Town of Bourne selectmen, Canal Region Chamber of Commerce, Centennial Committee members, Coast Guard Auxilliary members, Massachusetts Maritime Academy staff and students, Army Corps of Engineers, and veterans of the Navy and Marines were all well represented in the crowd enjoying the festivities, which included tall ship tours, music, a tugboat parade, and fireworks.

The speeches delivered at the midday ceremony celebrated the men and women who had the vision to create the canal, the money to get it started and the laborers who did the work. Brigadier General Kent D. Savre, the North Atlantic Division Commander, US Army Corps of Engineers, schooled the audience on the history of the Cape Cod Canal and the civil engineer who designed it, William Barclay Parsons.

General Savre also noted that the canal has many different meanings to many different people. “What happened 100 years ago still inspires us today,” General Savre said as he spoke to the economic importance of the canal as a merchant waterway but also a waterway for recreation for “three million visitors” that cross the canal each year.

Jo-Ellen Darcy, assistant secretary of the Army, Civil Works, who oversees the Army Corps of Engineers, shared her pride for the corps “The best part of my job is coming home and seeing the great work of the Army Corps, the department I am in charge of. George Washington had the vision to start the corps 239 years ago,” Ms. Darcy said. She also mentioned that the Army Corps of Engineers was created two days before the military Army was formed, proving its importance to the nation.

Ms. Darcy noted how impressed she was with the celebration and the positive energy of the proceedings. She received loud, long applause when she donned a Red Sox shirt and asked the crowd to channel that energy and send it to the home team.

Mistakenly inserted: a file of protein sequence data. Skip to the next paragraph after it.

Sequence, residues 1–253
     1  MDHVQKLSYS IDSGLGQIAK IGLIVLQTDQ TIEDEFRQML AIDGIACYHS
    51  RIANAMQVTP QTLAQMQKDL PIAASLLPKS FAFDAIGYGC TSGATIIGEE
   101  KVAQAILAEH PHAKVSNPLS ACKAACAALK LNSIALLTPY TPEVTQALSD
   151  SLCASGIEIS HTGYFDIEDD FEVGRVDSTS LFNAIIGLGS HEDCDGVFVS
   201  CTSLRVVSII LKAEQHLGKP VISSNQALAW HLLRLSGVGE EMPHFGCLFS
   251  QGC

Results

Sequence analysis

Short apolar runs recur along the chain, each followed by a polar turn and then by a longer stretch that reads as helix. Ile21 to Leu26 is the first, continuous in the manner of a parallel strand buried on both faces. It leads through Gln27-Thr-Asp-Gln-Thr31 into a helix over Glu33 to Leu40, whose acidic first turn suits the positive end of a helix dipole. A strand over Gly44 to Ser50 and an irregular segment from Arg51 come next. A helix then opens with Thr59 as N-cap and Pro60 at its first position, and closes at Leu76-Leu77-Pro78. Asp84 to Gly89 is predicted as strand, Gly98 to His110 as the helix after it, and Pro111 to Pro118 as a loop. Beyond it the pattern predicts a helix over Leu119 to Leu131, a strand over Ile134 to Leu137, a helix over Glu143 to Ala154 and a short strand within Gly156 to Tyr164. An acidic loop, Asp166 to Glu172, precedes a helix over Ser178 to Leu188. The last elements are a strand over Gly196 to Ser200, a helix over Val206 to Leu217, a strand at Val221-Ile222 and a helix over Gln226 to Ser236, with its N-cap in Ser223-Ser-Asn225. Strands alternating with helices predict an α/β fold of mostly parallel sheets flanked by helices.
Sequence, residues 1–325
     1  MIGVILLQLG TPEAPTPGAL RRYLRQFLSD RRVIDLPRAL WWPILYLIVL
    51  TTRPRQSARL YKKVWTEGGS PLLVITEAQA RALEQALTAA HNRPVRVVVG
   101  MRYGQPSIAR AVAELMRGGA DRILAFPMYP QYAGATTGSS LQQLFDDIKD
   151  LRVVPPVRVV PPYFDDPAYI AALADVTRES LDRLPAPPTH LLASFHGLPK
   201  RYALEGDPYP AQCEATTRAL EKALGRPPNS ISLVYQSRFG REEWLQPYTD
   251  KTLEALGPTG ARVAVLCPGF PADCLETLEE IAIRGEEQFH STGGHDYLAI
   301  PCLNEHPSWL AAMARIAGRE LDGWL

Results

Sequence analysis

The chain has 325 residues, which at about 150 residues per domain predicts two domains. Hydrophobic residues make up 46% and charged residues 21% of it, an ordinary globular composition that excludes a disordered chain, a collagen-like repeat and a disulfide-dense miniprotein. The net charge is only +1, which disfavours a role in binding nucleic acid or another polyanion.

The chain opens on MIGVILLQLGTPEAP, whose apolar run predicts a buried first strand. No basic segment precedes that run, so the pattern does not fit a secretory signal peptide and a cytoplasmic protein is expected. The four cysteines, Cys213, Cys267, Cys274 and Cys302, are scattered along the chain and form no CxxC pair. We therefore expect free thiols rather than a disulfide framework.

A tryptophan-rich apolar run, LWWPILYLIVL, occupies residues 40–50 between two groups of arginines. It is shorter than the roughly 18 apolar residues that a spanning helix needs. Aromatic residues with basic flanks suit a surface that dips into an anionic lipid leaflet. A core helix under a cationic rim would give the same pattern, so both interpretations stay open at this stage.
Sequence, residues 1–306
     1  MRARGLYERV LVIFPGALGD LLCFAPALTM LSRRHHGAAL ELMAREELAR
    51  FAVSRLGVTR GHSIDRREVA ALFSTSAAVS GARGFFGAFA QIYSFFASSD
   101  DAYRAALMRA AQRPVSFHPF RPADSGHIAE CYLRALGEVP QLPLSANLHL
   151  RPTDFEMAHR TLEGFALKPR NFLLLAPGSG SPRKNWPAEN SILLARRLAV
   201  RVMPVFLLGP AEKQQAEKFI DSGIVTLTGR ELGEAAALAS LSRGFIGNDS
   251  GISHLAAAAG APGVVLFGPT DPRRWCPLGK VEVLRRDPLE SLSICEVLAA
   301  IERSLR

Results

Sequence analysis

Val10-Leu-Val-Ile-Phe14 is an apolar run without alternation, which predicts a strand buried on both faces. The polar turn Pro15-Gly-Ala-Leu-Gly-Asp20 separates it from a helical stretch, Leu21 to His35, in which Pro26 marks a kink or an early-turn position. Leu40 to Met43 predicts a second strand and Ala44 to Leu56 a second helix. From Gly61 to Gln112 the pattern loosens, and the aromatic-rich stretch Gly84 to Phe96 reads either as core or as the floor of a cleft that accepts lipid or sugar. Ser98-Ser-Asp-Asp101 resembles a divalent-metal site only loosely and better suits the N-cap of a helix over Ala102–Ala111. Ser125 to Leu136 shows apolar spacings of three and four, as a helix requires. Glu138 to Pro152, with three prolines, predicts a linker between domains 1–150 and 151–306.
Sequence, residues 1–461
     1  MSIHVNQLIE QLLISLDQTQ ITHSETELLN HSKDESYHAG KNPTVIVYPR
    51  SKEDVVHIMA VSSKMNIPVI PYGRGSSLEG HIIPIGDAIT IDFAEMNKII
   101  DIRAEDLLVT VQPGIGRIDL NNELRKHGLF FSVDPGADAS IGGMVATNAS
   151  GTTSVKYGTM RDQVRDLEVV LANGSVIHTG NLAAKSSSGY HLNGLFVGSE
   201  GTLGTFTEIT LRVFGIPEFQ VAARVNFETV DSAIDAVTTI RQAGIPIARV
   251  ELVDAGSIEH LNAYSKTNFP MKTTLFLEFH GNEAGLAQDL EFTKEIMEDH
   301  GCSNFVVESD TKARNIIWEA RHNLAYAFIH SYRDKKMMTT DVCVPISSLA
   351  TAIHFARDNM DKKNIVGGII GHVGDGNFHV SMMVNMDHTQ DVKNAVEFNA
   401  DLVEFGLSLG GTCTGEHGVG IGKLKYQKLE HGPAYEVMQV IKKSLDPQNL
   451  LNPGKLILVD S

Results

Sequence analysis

Co-chairmen of the Cape Cod Canal Centennial Committee also had a chance to say a few words. Rear Admiral Richard G. Gurnon, commandant of the Massachusetts Maritime Academy and Marie J. Oliva, president and chief executive officer of the Cape Cod Canal Region Chamber of Commerce, both gave credit to the artists, musicians and committee members who helped to make the day a success. “I’m the uniform behind Marie and she is the horsepower behind this celebration,” Admiral Gurnon said.

Admiral Gurnon also had the pleasure of reading a letter from President Obama to the crowd, courtesy of Representative William R. Keating’s office. The letter expressed the president’s pleasure to be a part of maritime history and expressed the hope that the canal would “encourage us all to shape the currents of history in our time.”

Ms. Oliva addressed the crowd, “Change only happens when people take risks.” Ms. Oliva said as she also stated her pride in being a lifelong resident of the area, one whose father had emigrated from Italy as a mason to work on the canal.

The ceremony was concluded with music befitting a national ceremony. Music director and conductor Joan Landry celebrated the canal and the year 1914 through music played by the Canal Festival Youth Orchestra put together with musicians from the Cape, New Bedford, Duxbury and Dorchester. Special guest artist and Cape resident Siobhan Magnus of “American Idol” fame gave her version of Lee Greenwood’s “God Bless the USA.”

A mother in the crowd told her daughter why the canal celebration was so important. “This celebration will not happen again for a very long time. By the time they celebrate another centennial, you will be 107 years old,” the mother said.